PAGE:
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5 3D printed houses you might live in on Mars

NASA and partner Bradley University of Peoria, Illinois, have selected the top five teams the latest stage of the agency’s 3D-Printed Habitat Centennial Challenge competition, which looks for sustainable housing solutions for Earth and beyond.

Creating a structure on the surface of Mars is a challenge considering the limits on transporting materials and the differences in atmosphere and landscape. The 3D-Printed Habitat Centennial Challenge was created to help further the progression of sustainable shelters that will someday occupy the Moon, Mars, or beyond. It pushes contestants to develop new technologies capable of additively manufacturing a habitat using indigenous resources and/or recyclable materials.

The challenge consists of multiple phases. The first phase, which ran through 27 September 2015, called on designers to develop state-of-the-art architectural concepts that take advantage of the unique capabilities of 3D printing. The second phase focused on material technologies, requiring teams to create structural components, and was completed in 2017. The current phase 3 challenges competitors to fabricate sub-scale habitats.

For the latest stage, NASA selected 5 winners to share a $100,000 prize. The winning teams created digital representation of the physical and functional characteristics of a house on Mars using specialized software tools.

Team Zopherus came in first, who proposed a spider-like pod to host the 3D printing process. The idea behind the design is that the lander would scan its surroundings before selecting an optimum printing location. A series of autonomous robots would gather materials like ice, calcium oxide and aggregate to make Martian concrete for the 3D printer. The inside of the home would be made from 3D printed HPDE ((high-density polyethylene). The home would then be printed inside the pod, and after completion, the lander lifts its leg to print the next building someplace else.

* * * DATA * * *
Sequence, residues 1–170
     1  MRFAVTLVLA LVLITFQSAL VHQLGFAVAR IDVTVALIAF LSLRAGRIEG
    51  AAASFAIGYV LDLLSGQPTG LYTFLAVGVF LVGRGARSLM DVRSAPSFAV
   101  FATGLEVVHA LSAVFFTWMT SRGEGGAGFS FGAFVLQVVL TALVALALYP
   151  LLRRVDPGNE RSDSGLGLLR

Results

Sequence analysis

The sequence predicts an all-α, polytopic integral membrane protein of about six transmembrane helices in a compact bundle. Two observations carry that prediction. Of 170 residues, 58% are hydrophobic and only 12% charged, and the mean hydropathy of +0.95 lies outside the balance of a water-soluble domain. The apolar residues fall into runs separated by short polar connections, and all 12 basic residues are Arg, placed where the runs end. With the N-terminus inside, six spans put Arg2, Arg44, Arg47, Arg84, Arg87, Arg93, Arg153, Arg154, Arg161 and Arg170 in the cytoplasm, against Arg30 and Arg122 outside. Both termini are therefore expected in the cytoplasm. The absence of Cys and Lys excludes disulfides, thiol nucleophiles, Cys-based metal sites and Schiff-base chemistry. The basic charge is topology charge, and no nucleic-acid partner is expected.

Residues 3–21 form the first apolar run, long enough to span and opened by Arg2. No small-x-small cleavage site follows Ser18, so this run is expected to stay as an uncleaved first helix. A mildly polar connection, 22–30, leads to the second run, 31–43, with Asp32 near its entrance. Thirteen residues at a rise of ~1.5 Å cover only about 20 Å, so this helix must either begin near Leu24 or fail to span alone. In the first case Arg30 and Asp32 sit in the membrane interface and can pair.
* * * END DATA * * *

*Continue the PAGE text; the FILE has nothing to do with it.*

Second place went to AI. SpaceFactory. They presented an egg-shapes structure with a double shell to protect against the aggressive thermal effects of Mars. Materials used in this design are also sourced from Mars and include basalt fibre, extracted from Martian rock and bioplastic derived from plants that could be grown on the planet.

Third place oblong structures, designed by Kahn-Yates Design, have a perforated, high strength plastic layer to let light in. The shape was chosen to minimise the impact from dust storms. Unlike the other two designs, this one has a prefabricated core and would arrive on the red planet within a space faring module that would split off on landing. Once landed, an integrated arm prints a concrete shell, while secondary nozzles print HPDE layers on either side of the shell.

SEArch+/Apus Cor came in fourth. Their design consists of two pods covered by a layered, thick shell that protects against radiation and is designed to withstand earthquakes. The construction is made using indigenous materials.

The last winner was a team from Northwestern University of Evanston, Illinois, who developed a spherical shell and outer parabolic dome, which are printed in tandem using Martian materials.

Renderings: Team Zopherus / AI. SpaceFactory / Kahn-Yates / SEArch+/Apis Cor / Northwestern University of Evanston

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